Stanley Sadie (New York: Macmillan Publishers Ltd. anti-Romantic government of Ferdinand VII (1784-1833) created an environment of “economic and intellectual crisis” which prompted many composers and musicians to leave Spain. 19th Century: Historico-Political Background.. 2nd ed. revolutions. “Spain. I.3 The music profession suffered countless losses due to the severe lack of musical organizations and virtually no systematic music education. The anti-liberal. Outside her borders the general impression around Europe was that Spain was “musically backward. 5: Art Music.” The New Grove Dictionary of Music and Musicians. several fiercely individualistic regions reside within Spain’s borders. Early nineteenth-century Spain saw the Napoleonic Wars.. From the Hunter’s Bow: The History and Romance of Musical Instruments. and the Bay of Biscay to the north have provided numerous opportunities for neighboring countries to invade. this “ever-changing panorama of history” has provided a collage of cultural influence throughout Spain’s history. 1942). However. the Mediterranean to the south. Perhaps contributing to the individualism and intentional preservation of its regional traditions is Spain’s “ever-changing panorama of history. ed. Its proximity to France on its eastern border. While the official language of Spain is Castilian.CHAPTER 2 THE SPANISH CLARINET TRADITION A Brief History of Spain Spain has always had a strong sense of regional identity..”4 Beatrice Edgerly. 2001). Spain has had a consistent history of invasion and occupation. 2 3 . (New York: G. 3 Belen Perez Castillo.”2 From the Celts and Greeks to the Romans and Arabs. 24.P. 393. 29 vols. An unfortunate effect of the constant threat of invasion is extended periods of economic and political instability. Civil Wars. 128. and coup d’états. vol. Putnam’s and Sons.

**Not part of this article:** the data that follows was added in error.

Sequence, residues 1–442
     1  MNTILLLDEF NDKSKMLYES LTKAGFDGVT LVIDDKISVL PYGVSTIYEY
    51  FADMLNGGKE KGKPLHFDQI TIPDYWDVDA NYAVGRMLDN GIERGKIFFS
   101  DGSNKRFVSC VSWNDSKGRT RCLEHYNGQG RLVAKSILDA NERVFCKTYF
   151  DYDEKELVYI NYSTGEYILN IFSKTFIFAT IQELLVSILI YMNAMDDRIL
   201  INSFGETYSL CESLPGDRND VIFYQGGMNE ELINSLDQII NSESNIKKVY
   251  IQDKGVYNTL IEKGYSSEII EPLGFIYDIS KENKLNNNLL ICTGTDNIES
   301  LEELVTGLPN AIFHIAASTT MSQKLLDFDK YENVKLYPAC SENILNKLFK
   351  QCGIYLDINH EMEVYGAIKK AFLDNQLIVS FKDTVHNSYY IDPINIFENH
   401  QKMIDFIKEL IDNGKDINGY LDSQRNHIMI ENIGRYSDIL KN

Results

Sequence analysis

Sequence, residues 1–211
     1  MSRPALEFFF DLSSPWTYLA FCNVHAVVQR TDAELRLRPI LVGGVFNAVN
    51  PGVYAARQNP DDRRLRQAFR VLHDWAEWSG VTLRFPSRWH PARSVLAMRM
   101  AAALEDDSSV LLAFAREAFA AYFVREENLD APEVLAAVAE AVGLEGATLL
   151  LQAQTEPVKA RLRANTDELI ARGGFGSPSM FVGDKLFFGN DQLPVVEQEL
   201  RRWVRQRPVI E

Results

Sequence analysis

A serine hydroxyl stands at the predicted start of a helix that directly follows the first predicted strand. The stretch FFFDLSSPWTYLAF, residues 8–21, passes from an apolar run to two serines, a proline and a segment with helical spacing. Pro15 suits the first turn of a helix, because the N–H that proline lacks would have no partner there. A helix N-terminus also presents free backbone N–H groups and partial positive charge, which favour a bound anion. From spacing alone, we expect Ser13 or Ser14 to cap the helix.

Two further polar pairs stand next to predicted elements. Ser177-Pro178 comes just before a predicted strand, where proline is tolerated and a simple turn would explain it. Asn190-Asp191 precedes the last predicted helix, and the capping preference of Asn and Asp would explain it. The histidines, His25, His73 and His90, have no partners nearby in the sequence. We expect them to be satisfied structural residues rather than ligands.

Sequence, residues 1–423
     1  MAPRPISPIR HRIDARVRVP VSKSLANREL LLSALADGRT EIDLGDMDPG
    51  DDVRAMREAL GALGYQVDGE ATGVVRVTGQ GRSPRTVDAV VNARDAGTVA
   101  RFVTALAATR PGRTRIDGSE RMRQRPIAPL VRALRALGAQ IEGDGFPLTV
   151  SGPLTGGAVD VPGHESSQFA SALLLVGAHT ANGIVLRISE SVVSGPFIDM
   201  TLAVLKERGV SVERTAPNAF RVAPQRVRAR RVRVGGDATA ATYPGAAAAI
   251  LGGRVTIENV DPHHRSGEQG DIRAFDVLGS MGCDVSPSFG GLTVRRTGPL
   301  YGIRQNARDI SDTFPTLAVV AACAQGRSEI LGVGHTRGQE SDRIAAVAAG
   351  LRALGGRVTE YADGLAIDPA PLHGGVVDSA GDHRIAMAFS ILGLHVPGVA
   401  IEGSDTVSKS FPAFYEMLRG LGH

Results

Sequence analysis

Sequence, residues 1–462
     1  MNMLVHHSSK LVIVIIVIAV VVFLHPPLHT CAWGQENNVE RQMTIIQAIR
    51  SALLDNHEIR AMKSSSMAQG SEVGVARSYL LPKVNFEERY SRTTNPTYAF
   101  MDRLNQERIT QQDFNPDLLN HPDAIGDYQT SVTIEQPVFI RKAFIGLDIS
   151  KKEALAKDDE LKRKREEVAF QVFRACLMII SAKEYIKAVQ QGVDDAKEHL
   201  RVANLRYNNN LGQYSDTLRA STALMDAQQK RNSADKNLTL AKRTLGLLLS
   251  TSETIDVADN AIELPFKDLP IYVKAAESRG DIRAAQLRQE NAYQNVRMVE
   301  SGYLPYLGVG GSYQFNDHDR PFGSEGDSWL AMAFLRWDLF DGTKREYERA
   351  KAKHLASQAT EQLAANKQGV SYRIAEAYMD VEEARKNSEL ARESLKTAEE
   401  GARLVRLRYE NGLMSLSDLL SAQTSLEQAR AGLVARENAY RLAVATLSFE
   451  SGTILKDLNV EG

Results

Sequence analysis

4 . Spain’s first musical societies formed in the 1860s.6 A “prominent clarinetist…was Lorenzo Castronovo. 7 Julián Menéndez. 6 Albert Rice. A 3104). 58. and year of his birth. began to grow in popularity. opened in 1830. 8 B. deemed unequalled in his time according to Spanish history. 1766. Iwan Müller’s thirteen-key clarinet was adopted in Spain.” Music and Letters 64 (1983): 213. brass clarinets were introduced by José Claret and Leandro Valet. These were made by Luís Rolland of Madrid c. The Introduction of the Clarinet in Spain The clarinet was introduced to Spain by the 1770s. (New York: Oxford University Press. It is known that Antonio Romero (1815-1886). Prior to this time. “Ventas de instrumentos musicales en Madrid durante la segunda mitad del siglo XVIII. The Clarinet in the Classical Period. which would later become a strong tradition in itself. At the 1827 Madrid Exhibition. By 1845 Antonio Romero had written 4 5 Ibid. in Spain only a few composers and certain virtuosos escaped the general degradation of the music profession.8 The earliest known Spanish-made clarinets were fivekeyed C clarinets (B-Liège. and the wind band. Spain’s first conservatory. Kenyon de Pasqual. 2003). Ibid. Little is known of Castronovo. however. This is the environment into which clarinetist. B. clarinets were imported from England. “Teaching the Clarinet in Spain: Part I. composer. outside of his birth place. 1953): 8.Compared to the exaltation of composers in the rest of nineteenth-century Europe.5 By the 1830s Spain began to emerge from the turbulent environment.” Revista de Musicologia 5 (1982): 311. but by 1833. The Real Conservatorio Superior de Música de Madrid. an important performer and later clarinet professor at the Real Conservatorio. Kenyon de Pasqual“English Square Pianos in Eighteenth-Century Madrid.”7 Beginning in 1785 instrument makers Joseph Estrella and Fernando Llop advertised clarinets in the daily newspaper.1800. Madrid. and conductor Miguel Yuste was born. Diario de Madrid. began playing on a five-key clarinet. Woodwind 5/8 (April.” translated by Enid Standring.